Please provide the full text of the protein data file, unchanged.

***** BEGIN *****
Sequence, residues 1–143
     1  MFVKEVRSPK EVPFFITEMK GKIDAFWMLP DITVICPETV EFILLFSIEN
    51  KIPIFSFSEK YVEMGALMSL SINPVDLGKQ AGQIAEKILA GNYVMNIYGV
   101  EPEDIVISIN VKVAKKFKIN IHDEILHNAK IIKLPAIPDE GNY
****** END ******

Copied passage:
Sequence, residues 1–143
     1  MFVKEVRSPK EVPFFITEMK GKIDAFWMLP DITVICPETV EFILLFSIEN
    51  KIPIFSFSEK YVEMGALMSL SINPVDLGKQ AGQIAEKILA GNYVMNIYGV
   101  EPEDIVISIN VKVAKKFKIN IHDEILHNAK IIKLPAIPDE GNY